The nation's crime labs are so seriously deficient that criminals are allowed to go free, the wrong people are sometimes convicted and only a "massive overhaul" can improve the results, according to a long awaited report out Wednesday.
The National Academy of Sciences says with the single exception of DNA, no other crime scene evidence is dependable enough to allow police officers to testify in court, as they often do, that it's "a match" to a specific person. That's true, the report says, of analysis of hair, fibers, bites and tool marks — all of them long used to obtain convictions. Subsequent DNA testing, it says, shows that some of these analyses produce erroneous results.
"The fact is that many forensic tests — such as those used to infer the source of toolmarks or bite marks — have never been exposed to stringent scientific scrutiny," it says, adding that even fingerprints are subject to varying interpretations.
Attorney General Eric Holder declined to address the report's specifics but acknowledged that crime labs face a serious lack of resources. "We need to devote a lot of attention and a lot of resources to that problem," he said.
'Science should serve the law'
The report's authors say the root of the problem is the lack of strict standards. They call on Congress to establish a national institute of forensic science to accredit crime labs, require that analysts be certified and establish uniform standards for analyzing crime scene evidence.
What's more, the report says nearly all crime labs are run by police or prosecutors, which exert pressure to come up with specific conclusions. The labs should be removed from the administrative control of law enforcement agencies or prosecutors, it says.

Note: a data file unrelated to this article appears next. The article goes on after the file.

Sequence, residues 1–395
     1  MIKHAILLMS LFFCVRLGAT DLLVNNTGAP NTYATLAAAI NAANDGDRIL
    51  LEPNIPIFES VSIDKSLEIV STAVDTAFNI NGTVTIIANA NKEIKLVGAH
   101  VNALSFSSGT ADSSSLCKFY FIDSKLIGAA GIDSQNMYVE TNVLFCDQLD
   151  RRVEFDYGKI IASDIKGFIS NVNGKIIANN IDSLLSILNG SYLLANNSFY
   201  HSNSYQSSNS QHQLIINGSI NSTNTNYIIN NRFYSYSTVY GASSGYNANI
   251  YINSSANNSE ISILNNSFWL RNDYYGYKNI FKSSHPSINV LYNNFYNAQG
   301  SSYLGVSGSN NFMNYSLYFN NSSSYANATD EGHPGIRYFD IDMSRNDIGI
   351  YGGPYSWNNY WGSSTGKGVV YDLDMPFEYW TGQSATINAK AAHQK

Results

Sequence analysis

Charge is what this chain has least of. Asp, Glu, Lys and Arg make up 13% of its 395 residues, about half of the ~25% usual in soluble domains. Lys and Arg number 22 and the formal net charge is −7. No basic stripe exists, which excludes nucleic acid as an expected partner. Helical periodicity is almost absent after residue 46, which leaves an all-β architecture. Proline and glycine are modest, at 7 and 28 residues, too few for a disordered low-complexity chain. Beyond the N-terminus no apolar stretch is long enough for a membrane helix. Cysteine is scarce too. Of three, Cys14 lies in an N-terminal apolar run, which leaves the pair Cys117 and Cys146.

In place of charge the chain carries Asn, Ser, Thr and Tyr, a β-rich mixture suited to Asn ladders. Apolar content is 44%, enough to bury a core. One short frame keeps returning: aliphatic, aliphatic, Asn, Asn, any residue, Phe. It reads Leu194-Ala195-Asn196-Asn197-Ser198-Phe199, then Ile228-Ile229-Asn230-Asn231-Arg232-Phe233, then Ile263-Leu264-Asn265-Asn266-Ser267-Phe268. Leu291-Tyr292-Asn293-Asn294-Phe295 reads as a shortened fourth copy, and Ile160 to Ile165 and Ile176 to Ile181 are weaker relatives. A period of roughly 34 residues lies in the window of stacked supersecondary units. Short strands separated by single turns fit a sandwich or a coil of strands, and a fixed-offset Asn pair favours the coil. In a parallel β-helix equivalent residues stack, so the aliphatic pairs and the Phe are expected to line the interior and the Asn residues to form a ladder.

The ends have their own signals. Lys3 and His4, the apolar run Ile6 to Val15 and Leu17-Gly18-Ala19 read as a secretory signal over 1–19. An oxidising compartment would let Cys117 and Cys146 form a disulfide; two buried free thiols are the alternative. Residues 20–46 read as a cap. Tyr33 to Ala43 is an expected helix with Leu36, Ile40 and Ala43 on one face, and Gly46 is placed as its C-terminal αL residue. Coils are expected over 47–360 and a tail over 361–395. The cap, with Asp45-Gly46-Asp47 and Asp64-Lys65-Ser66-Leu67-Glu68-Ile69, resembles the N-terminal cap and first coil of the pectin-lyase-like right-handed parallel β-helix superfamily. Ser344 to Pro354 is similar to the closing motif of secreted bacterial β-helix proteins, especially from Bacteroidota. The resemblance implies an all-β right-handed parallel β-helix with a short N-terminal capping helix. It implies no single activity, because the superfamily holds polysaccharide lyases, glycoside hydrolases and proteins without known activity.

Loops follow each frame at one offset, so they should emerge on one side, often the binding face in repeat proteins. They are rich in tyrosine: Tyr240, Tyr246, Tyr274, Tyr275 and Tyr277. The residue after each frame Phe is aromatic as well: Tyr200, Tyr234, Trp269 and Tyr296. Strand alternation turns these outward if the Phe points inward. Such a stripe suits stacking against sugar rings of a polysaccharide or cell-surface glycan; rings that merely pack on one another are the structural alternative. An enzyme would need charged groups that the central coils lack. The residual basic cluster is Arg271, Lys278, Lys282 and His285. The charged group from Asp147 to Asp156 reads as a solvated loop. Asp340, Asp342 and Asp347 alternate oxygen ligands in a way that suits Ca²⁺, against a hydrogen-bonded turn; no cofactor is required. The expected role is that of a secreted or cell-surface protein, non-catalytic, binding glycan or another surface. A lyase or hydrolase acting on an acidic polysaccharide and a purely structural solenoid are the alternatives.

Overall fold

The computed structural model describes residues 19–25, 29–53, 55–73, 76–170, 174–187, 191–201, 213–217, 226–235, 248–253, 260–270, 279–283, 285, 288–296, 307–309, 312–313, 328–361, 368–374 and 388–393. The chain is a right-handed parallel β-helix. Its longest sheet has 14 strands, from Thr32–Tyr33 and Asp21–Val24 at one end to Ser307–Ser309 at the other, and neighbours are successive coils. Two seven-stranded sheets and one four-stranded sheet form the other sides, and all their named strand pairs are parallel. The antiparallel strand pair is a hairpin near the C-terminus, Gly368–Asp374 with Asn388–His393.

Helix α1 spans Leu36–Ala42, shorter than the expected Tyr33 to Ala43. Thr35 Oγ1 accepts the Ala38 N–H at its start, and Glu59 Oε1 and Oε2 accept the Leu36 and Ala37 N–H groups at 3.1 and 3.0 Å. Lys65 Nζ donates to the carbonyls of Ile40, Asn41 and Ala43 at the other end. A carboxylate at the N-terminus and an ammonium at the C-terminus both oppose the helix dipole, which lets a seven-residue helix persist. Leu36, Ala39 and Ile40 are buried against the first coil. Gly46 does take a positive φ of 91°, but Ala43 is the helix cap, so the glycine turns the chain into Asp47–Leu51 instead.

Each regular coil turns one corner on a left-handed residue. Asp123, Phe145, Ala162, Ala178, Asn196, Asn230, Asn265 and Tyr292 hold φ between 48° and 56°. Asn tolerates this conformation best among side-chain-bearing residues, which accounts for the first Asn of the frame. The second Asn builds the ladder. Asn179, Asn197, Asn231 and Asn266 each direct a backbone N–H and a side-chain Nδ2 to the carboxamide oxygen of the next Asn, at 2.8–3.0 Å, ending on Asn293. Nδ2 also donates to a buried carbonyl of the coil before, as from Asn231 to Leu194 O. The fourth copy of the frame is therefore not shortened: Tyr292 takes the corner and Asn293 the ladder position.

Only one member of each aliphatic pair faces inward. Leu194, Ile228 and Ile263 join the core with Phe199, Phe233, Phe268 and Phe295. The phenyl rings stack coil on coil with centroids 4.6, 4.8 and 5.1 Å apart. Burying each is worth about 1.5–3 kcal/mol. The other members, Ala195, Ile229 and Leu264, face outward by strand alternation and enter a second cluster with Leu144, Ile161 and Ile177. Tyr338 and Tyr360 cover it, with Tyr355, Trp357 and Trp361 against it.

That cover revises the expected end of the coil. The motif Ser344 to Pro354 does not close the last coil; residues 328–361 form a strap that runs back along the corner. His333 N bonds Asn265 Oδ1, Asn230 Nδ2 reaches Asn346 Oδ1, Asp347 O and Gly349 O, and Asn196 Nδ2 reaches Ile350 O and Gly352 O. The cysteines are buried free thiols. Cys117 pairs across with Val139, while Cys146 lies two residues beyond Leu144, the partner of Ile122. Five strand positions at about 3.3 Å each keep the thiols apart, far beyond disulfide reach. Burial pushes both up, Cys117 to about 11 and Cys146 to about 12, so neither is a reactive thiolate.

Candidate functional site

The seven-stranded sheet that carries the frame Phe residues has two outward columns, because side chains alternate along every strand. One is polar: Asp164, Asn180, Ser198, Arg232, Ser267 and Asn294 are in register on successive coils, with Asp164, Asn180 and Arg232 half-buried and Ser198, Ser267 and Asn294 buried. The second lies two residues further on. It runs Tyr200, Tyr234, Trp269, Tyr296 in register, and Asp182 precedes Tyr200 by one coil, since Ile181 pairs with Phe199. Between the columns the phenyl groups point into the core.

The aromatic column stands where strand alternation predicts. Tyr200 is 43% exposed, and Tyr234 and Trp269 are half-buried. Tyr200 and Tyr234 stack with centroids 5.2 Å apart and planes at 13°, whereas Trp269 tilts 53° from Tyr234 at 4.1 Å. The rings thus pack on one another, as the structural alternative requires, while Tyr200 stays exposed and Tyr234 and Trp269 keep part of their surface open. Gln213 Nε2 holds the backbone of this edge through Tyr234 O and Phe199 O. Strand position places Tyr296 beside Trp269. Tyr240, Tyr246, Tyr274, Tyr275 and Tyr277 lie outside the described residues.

"Science should serve the law. Law enforcement shouldn't drive the science," said federal Judge Harry T. Edwards of Washington, D.C., one of the panel's co-chairmen.
The panel's conclusions were welcomed by lawyers for the Innocence Project, which has employed DNA evidence to help free 232 wrongly convicted defendants. It says more than half of those cases involved evidence from invalidated branches of forensic science.
'Far too many weaknesses'
"Any self-respecting criminal defense lawyer that doesn't read this report is malpracticing," said the Innocence Project's Barry Scheck.
"But we can't rely on judges, juries, prosecutors and defense lawyers in the cauldron of the courtroom to get to the bottom of what's wrong with certain forensic disciplines," Scheck said.
Sen. Patrick Leahy, the Vermont Democrat who chairs the Senate Judiciary Committee, said the report calls attention to "far too many weaknesses in our system of forensic science."
"I am troubled by the report's general finding that far too many forensic disciplines lack the standards necessary to ensure their scientific reliability in court. I am also concerned that forensic laboratories and their experts do not have uniform, mandatory accreditation policies," Leahy said.
Labs underfunded, underequipped
Even so, coming up with the money to adopt the report's recommendations will be difficult in the midst of a troubled economy. Despite that challenge, the report's authors say states can begin to take modest steps by agreeing to have their labs and employees certified.
The National Academy of Sciences was directed by Congress to assess the quality and needs of the nation's crime laboratories. Wednesday's report, "Strengthening Forensic Science in the United States: A Path Forward," is the work of a panel of 17 experts, including scientists and lawyers.
In short, the report says the nation's 389 publicly funded crime labs are underfunded, underequipped and so unconnected to scientific standards that testimony in court about their results is often vastly overstated. Just giving the labs more money, the panel concludes says, will not solve the problem.
"The forensic science community lacks the necessary governance structure to pull itself up from its current weaknesses," it says.